Translation of the catch arms 20 and the distal ends 22 between the retracted position and the engaged position using the horizontal, vertical, or inclined travel path would be the choice of the end user based on design considerations since any of the three paths of travel provide the engagement between the distal ends and the ledges 25 above the threshold speed when the trailer reaches an angle to cause that engagement.

Finally, shown in FIG. 10 is an optional mounting of distal end 22 of the catch arm 20 which is engaged in a means of pivotal attachment to the catch arm 22 employing a pivot pin 40. The notch 32 is also shown. Using this means for pivotal engagement allows the distal end 22 to rotate and maintain the same plane as the bottom of the trailer to which the catch brackets 26 with the notch engaging ledges 25 are attached. While shown at the distal end of the catch arms 20 which rotate in an incline, the pivoting mount of the distal ends 22 can be used with any of the catch arms 20 herein disclosed and described and such is anticipated. This is of course preferable as a means to keep the distal ends 22 and when employed the overhangs 33 formed by the notches 32 aligned with the movement of the trailer. This helps maximize the engagement of the distal ends 22 with the catch brackets 26 by keeping the angles of the overhang 33 formed by the notch 32 registered to the side of the ledge 25 when the trailer angles in its mount to the fifth wheel 12 over uneven roads. When the recesses 29 are formed in the ledge 25, this pivoted engagement also keeps the overhang 33 lined up with the space between the recess 29 and the bottom of the trailer when such an engagement is employed.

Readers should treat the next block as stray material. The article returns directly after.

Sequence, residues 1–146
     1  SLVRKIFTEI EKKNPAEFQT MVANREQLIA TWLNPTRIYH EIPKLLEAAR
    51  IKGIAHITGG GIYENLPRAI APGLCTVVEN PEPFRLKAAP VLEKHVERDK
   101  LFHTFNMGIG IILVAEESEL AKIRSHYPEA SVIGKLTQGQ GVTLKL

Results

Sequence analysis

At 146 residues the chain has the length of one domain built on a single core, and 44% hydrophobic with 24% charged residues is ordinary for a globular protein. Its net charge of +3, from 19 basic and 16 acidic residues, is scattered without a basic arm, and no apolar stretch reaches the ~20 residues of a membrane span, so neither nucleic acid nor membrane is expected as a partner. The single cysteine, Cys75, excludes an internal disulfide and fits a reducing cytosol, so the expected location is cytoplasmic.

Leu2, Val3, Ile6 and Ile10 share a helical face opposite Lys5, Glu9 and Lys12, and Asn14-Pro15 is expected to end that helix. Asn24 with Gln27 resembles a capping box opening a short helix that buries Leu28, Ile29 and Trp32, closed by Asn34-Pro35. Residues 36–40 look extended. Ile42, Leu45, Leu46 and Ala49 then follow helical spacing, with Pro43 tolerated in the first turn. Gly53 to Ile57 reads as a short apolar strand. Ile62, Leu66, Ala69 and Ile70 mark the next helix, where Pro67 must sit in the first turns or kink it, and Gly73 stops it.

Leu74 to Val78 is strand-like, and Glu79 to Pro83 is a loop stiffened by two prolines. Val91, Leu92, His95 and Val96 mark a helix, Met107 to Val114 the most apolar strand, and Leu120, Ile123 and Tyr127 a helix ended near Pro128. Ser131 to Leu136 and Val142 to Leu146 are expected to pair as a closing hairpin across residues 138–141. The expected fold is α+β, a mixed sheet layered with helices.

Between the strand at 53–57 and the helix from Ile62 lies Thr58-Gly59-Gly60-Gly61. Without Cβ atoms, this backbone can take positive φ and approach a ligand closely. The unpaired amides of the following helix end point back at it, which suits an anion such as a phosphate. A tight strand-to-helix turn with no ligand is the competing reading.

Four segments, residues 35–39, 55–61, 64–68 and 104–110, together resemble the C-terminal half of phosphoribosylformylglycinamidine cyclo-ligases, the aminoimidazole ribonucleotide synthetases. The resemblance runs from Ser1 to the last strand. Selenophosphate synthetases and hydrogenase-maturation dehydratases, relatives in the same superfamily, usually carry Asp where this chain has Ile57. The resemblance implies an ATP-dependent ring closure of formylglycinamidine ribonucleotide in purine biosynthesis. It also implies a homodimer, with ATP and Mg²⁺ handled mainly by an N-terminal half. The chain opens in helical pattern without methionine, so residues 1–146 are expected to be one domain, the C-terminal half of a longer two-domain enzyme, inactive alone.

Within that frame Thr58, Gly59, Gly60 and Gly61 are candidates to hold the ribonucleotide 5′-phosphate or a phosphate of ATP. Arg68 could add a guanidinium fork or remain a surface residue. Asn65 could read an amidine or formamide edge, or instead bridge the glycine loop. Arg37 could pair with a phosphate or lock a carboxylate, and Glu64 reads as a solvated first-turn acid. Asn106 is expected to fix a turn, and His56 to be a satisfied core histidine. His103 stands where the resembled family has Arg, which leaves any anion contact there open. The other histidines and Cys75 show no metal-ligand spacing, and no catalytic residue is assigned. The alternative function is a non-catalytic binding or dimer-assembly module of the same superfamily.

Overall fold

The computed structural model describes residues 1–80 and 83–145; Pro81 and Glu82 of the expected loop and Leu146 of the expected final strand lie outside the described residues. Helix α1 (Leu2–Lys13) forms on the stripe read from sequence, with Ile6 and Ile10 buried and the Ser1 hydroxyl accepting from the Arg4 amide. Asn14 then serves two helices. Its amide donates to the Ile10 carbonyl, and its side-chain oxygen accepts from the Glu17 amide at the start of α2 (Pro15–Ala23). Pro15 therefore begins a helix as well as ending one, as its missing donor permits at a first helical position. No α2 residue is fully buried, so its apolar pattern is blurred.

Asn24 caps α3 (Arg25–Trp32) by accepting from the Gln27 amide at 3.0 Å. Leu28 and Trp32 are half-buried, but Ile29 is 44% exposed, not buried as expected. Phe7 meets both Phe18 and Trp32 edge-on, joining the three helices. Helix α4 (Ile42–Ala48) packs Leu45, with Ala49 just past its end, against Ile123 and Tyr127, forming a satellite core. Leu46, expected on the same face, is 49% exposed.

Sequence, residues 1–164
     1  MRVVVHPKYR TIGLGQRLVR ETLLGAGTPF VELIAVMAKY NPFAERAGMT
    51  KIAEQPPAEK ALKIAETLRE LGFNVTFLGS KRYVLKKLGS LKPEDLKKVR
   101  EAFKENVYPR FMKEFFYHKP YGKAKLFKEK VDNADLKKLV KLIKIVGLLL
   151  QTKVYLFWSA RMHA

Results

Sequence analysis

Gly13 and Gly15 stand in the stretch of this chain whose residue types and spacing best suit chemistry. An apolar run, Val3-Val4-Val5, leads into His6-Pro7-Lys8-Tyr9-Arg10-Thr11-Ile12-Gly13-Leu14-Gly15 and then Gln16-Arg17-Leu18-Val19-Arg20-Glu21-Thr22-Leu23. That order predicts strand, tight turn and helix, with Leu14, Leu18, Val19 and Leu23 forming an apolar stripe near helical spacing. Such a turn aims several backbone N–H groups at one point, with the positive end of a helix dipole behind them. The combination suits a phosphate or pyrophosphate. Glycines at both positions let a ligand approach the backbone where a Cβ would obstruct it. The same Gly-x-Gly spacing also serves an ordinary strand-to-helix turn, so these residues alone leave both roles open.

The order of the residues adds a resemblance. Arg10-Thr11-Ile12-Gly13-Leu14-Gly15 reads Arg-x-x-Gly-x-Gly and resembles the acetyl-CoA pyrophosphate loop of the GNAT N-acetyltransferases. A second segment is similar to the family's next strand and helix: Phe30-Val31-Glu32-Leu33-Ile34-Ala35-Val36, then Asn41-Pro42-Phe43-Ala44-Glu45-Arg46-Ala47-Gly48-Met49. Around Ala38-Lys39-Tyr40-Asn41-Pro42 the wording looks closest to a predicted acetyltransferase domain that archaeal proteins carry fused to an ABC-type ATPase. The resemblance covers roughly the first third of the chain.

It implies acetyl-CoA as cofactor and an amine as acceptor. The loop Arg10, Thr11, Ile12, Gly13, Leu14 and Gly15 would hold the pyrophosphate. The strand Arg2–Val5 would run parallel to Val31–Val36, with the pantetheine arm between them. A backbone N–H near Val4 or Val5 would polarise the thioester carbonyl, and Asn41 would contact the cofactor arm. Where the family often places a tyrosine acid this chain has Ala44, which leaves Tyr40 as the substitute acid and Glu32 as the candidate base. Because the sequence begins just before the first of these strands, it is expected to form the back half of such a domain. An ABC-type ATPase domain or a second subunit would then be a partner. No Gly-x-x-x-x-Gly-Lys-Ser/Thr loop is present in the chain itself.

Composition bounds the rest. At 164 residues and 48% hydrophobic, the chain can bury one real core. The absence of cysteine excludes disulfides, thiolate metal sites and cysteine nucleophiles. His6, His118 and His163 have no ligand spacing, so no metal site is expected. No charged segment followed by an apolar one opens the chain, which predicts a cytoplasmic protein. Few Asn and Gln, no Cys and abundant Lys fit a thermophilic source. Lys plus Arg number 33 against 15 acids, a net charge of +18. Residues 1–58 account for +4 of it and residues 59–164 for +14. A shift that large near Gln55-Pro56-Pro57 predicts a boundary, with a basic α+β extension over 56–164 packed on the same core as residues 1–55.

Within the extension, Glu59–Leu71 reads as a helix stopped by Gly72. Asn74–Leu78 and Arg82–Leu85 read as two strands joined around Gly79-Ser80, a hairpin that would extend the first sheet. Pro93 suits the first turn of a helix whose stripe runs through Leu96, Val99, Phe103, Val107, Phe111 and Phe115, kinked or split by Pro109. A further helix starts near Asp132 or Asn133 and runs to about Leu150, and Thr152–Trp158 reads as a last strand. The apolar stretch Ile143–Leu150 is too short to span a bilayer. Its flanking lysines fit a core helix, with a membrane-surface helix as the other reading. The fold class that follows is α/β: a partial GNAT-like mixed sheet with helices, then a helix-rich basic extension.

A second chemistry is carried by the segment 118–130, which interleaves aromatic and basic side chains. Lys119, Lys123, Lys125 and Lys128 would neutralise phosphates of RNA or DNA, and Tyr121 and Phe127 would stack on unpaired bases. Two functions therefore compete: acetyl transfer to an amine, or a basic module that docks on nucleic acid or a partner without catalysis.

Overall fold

The controller in all embodiments of the disclosed device 10 would best be automatic and act to engage the device 10 once the vehicle exceeds a predetermined threshold speed based on various vehicle characteristics, the load, and handling of the vehicle. Such a control means would activate and cause the distal ends 22 of the catch arms 20 to move to the engaged position automatically once the speed is reached and to disengage once the vehicle drops below the determined threshold speed. This can be done using a computing device communicating with a GPS device or with the speedometer or some other means to determine road speed and communicate that speed to the computer. Alternatively, a simple manual engagement system could be provided with our without the automatic controller to allow for the driver to push a button to activate the system and deploy or retract the catch arms 20.

While all of the fundamental characteristics and features of the invention have been shown and described herein, with reference to particular embodiments thereof, a latitude of modification, various changes and substitutions are intended in the foregoing disclosure, and it will be apparent that in some instance some features of the invention may be employed without a corresponding use of other features without departing from the scope of the invention as set forth. It should also be understood that various substitutions, modifications, and variations may be made by those skilled in the art without departing from the spirit or scope of the invention. Consequently, all such modifications and variations and substitutions are included within the scope of the invention as defined by the following claims.

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Referenced by
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US7703790 *Apr 27, 2007Apr 27, 2010Don CunefareAnti-jackknifing tractor trailer system
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Classifications
U.S. Classification280/432, 280/455.1
International ClassificationB60T7/12
Cooperative ClassificationB60D1/30, B62D53/0878
European ClassificationB60D1/30, B62D53/08E2
Legal Events
DateCodeEventDescription
Apr 5, 2011FPExpired due to failure to pay maintenance fee
Effective date: 20110213
Feb 13, 2011LAPSLapse for failure to pay maintenance fees
Sep 20, 2010REMIMaintenance fee reminder mailed
Oct 19, 2004ASAssignment
Owner name: IMPACT ENGINEERING TECHNOLOGIES, INC., CALIFORNIA
Free format text: ASSIGNMENT OF ASSIGNORS INTEREST;ASSIGNOR:BALL, MICHAEL;REEL/FRAME:015267/0185
Effective date: 20041001